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Sunday, 30 March 2014





Marriage Proposals
Government Gazette

Historically valid lively narrative

The Kaluarachchi Saga
Author: A.M. Karunaratne
Translated into English
by Jayalath Ameresekere
Published by Samira Publishers, Battaramulla

The Kaluarachchi Saga has sold three editions in the original Sinhala and now appears in English. Its title invites comparison with John Galsworthy's The Forsyte Saga, a long family-story about generations of Forsytes.

But unlike the British Victorian novel it is not truly a story of generations, like a family history or an epic. It is more about the changes brought about in an inland village in Ceylon through interaction with modernity, represented to a large extent by the coastal culture of colonial Ceylon.

One could compare it with Leonard Woolf's The Village in the Jungle, published in the first quarter of the 20th century. The author, like Woolf, is a civil servant but one who appears to have been born and bred in the “sweet especial rural scene.” To Woolf “all jungles are evil and none or so evil as the jungle which surrounds Baddegama.”

But the love that drives the hero of the novel, the Aarachi of the village, is his love of his village in the jungle, in which generations have lived a certain “way of life” symbolised by the village tank, paddy farming and its routines, the social hierarchy and its practices and Sinhala Buddhism.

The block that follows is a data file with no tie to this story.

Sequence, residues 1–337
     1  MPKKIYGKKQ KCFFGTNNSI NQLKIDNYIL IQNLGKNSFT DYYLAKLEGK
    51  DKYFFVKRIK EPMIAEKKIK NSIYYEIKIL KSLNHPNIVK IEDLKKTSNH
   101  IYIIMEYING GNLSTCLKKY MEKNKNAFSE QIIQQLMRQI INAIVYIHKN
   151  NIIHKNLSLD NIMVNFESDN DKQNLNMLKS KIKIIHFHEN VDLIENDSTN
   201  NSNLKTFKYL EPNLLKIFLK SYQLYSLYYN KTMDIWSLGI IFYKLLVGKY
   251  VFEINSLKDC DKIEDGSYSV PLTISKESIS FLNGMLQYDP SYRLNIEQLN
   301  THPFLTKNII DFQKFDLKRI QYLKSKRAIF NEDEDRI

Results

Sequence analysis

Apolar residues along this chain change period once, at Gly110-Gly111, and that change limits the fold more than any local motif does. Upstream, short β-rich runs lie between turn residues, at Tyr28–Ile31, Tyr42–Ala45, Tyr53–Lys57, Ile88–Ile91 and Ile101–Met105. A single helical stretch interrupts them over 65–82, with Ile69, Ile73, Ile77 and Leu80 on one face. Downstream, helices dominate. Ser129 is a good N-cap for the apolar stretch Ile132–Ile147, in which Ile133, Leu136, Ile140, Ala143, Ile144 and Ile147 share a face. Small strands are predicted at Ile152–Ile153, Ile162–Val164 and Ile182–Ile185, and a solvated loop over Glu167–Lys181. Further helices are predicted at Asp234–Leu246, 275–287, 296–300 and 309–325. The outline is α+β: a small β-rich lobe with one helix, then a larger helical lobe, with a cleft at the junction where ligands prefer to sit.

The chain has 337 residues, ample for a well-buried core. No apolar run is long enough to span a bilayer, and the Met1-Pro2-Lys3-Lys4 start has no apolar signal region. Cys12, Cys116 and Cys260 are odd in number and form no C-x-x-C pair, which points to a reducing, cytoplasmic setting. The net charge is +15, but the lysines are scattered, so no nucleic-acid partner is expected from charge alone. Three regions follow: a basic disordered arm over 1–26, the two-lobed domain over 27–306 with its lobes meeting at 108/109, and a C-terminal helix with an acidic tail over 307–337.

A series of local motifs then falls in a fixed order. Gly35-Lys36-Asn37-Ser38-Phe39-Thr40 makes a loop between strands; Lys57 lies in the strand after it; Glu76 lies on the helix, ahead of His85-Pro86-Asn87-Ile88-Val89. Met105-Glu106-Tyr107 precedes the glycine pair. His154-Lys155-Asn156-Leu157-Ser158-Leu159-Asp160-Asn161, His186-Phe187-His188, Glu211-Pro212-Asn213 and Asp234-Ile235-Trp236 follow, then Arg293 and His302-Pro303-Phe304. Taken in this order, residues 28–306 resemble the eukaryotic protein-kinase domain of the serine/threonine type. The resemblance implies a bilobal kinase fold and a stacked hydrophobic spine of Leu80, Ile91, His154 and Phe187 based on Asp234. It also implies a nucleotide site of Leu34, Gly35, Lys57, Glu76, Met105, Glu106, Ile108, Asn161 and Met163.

Tradition and modernity

Unlike in Woolf's novel where everyone seems in some way evil or at least deficient or at best tragic, the Aarachi and many others are admirable in defeat.

No doubt the historical process of colonialism must have its way (the novel seems to say) and characters have their appointed roles to play as hero or villain but that's a story worth the telling. But would it be worth the while to resurrect the past?

To resurrect the past? That is the question which colonial societies confronted in the middle of the last century, when empires collapsed. That question still survives unanswered in the middle east where the struggle between tradition and modernity is indeed violent. But it was always a difficult issue and Karunaratne, the novelist, takes a realist's viewpoint while presenting a flattering picture of the past, where all is pure and virtuous.

He describes the symbols of the past excellently and re-enacts the attraction they once held so that the reader is convinced of the validity of the thesis that the past was good. But he does not bring it back.

One is reminded of this dilemma in a very modern and famous novel, where Jay Gatsby, the hero of The Great Gatsby tries to rebuild the past, which he inhabits emotionally with his lost love, Daisy. The narrator of the story and Gatsby's confidante interrupts, “But you can't bring back the past,” and Gatsby replies, “Bring back the past? Of course you can!” And so dies Gatsby, shot by a crazed husband.

The Kaluarachchi Saga does not propose to bring back the past except in the imagination. It provided a very stimulating reading experience for me, who has a one-time civilian administrator in the rural areas of Ratnapura, Polonnaruwa and Ampara had the good fortune to witness and sometimes share the way of life that A.M. Karunaratne and his English translator Jayalath Ameresekere recreate in this extremely well-written novel.